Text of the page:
Age is perhaps the most controversial exclusion criterion for heart transplantation. One concern focuses on whether chronological or functional age is the better predictor of positive outcomes when considering heart transplantation for an elderly patient with end-stage heart disease. Another concern is related to the philosophical and ethical rationale for allocation of scarce resources to those near the end of a normal life expectancy. However, the number of people who are older than age 65 years and have received a donor heart has increased and will continue to due to aging of the people who received a transplant a decade ago, as well as the growing number of people who undergo heart transplantation after the age of 65. In either case, the nurse must be aware of age-related concerns in this vulnerable population.
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Acute Care of the Aging Client| February 01 2002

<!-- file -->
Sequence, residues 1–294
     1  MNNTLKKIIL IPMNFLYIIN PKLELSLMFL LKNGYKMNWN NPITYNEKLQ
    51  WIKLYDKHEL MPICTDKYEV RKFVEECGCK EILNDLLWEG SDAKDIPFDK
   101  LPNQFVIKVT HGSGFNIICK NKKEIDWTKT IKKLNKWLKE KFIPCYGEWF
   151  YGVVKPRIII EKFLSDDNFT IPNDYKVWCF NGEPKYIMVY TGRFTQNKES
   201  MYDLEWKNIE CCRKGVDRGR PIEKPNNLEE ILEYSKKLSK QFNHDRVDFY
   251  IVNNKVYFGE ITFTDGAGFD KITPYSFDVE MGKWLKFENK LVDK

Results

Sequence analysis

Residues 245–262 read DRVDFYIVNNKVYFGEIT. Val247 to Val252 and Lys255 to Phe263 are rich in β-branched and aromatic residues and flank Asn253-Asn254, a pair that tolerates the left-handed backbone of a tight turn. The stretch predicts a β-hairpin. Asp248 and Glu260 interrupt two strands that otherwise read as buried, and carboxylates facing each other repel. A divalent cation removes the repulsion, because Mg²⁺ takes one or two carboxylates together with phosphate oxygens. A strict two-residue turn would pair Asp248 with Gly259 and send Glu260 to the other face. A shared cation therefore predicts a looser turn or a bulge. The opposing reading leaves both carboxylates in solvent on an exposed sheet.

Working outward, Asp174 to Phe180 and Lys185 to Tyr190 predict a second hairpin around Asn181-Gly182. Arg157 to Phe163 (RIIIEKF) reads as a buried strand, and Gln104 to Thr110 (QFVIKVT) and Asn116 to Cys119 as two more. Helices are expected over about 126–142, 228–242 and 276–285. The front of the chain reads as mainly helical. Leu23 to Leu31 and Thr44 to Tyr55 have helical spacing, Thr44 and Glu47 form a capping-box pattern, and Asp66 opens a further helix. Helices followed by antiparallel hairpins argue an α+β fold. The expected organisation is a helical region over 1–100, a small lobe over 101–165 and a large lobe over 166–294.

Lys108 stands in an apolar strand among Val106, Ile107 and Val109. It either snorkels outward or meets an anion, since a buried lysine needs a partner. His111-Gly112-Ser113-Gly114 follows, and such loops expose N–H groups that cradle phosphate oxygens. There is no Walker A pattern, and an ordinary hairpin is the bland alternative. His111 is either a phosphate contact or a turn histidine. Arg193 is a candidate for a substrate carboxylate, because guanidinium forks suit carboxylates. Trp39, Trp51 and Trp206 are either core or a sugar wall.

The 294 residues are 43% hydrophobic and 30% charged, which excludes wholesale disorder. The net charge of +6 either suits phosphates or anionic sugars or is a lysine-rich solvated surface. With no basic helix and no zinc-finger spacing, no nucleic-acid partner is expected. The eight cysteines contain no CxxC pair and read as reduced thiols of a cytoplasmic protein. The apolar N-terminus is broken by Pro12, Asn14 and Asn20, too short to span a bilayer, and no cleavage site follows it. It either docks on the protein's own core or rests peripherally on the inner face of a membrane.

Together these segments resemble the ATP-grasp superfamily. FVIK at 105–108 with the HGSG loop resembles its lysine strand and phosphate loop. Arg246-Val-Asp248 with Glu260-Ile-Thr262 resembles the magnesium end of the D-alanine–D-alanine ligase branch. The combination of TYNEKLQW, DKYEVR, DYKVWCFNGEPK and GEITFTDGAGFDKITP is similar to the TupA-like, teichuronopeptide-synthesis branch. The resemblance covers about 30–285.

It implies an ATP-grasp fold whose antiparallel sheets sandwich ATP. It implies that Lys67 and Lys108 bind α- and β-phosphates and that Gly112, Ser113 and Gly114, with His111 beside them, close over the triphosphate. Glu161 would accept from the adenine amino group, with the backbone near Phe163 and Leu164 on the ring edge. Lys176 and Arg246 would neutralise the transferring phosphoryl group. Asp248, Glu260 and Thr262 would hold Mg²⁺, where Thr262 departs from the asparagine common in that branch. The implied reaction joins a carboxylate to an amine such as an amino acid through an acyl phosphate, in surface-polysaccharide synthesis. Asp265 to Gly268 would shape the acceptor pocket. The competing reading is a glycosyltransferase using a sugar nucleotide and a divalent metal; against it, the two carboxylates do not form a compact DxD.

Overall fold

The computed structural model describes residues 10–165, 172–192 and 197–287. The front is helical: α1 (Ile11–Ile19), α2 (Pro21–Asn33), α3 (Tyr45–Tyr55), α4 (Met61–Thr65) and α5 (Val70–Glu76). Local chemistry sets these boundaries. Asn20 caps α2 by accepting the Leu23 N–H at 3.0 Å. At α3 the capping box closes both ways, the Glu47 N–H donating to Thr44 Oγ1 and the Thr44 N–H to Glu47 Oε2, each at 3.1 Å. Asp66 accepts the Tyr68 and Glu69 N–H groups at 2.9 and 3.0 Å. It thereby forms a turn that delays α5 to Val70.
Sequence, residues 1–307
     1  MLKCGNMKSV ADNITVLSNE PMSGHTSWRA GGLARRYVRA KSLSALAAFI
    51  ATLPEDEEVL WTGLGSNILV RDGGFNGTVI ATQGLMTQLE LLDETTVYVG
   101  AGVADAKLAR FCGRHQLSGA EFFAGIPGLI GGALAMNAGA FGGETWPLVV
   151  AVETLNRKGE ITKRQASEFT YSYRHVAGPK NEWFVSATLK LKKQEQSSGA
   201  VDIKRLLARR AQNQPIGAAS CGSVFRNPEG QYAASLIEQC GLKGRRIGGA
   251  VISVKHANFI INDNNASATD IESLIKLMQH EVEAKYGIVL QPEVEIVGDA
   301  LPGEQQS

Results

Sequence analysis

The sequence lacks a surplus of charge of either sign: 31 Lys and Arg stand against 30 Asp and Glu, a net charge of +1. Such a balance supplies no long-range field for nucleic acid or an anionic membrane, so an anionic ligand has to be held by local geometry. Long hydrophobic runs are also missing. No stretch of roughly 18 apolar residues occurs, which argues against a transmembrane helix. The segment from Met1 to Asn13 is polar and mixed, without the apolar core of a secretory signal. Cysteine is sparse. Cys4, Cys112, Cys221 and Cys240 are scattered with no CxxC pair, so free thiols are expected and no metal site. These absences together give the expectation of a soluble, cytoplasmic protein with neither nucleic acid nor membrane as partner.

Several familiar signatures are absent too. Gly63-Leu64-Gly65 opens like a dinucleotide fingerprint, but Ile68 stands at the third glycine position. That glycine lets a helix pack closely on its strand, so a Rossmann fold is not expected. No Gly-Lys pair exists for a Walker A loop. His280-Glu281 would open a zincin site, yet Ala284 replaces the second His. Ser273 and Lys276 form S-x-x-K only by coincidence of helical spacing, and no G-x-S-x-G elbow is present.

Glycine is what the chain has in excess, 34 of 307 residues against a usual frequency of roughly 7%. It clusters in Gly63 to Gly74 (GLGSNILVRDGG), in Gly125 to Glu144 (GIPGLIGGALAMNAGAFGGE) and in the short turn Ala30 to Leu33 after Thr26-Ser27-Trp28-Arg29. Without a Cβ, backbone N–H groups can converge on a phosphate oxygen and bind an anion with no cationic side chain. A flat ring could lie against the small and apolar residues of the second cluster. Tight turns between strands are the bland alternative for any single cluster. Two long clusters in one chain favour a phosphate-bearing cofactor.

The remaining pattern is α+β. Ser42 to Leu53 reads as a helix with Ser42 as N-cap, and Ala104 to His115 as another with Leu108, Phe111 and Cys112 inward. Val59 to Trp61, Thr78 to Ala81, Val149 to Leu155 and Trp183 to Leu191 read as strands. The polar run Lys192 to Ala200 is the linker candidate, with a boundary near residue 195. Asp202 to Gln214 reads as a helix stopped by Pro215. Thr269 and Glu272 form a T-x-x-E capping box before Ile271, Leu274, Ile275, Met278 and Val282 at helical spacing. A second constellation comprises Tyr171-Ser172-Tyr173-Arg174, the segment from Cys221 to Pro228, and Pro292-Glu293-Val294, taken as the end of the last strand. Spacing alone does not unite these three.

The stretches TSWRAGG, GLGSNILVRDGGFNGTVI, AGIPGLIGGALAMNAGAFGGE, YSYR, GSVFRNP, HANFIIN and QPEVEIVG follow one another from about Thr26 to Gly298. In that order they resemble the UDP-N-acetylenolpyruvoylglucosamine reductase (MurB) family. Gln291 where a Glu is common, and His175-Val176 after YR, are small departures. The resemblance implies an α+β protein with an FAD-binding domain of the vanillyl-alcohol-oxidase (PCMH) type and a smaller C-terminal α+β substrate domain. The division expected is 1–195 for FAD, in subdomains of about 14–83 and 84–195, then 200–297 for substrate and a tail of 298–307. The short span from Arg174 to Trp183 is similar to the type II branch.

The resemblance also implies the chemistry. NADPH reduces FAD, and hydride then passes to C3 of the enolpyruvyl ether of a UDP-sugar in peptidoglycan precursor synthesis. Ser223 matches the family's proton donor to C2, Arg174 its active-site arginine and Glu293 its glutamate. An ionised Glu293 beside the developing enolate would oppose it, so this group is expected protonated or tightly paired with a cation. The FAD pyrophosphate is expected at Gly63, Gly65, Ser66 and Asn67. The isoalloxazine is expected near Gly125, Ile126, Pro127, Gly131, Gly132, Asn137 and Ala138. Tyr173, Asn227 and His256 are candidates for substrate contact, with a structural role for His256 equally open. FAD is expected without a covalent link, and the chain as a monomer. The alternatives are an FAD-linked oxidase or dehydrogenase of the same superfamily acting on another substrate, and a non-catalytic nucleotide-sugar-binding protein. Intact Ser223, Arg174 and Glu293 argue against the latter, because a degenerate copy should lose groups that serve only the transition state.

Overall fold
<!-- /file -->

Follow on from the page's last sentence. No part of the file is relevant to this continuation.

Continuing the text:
The Challenge of Managing the Care of Older Heart Transplant Recipients
Linda S. Baas, RN, PhD, CS, ACNP;
From the University of Cincinnati College of Nursing, and University Hospital Heart Failure and Transplant Program, Cincinnati, Ohio.
Reprint requests to Linda Baas, RN, PhD, CS, ACNP, UC College of Nursing, PO Box 210038, Cincinnati, OH 45221-0038 (e-mail: Linda.firstname.lastname@example.org).
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Barbara Bell, RN, BSN, CCTC;
Susan Dudics Stuebbe, RN, MSN, ANP;
Rosann Giesting, RN, MSN;
AACN Adv Crit Care (2002) 13 (1): 114–131.
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Linda S. Baas, Barbara Bell, Susan Dudics Stuebbe, Rosann Giesting, Lynne E. Wagoner; The Challenge of Managing the Care of Older Heart Transplant Recipients. AACN Adv Crit Care 1 February 2002; 13 (1): 114–131. doi:
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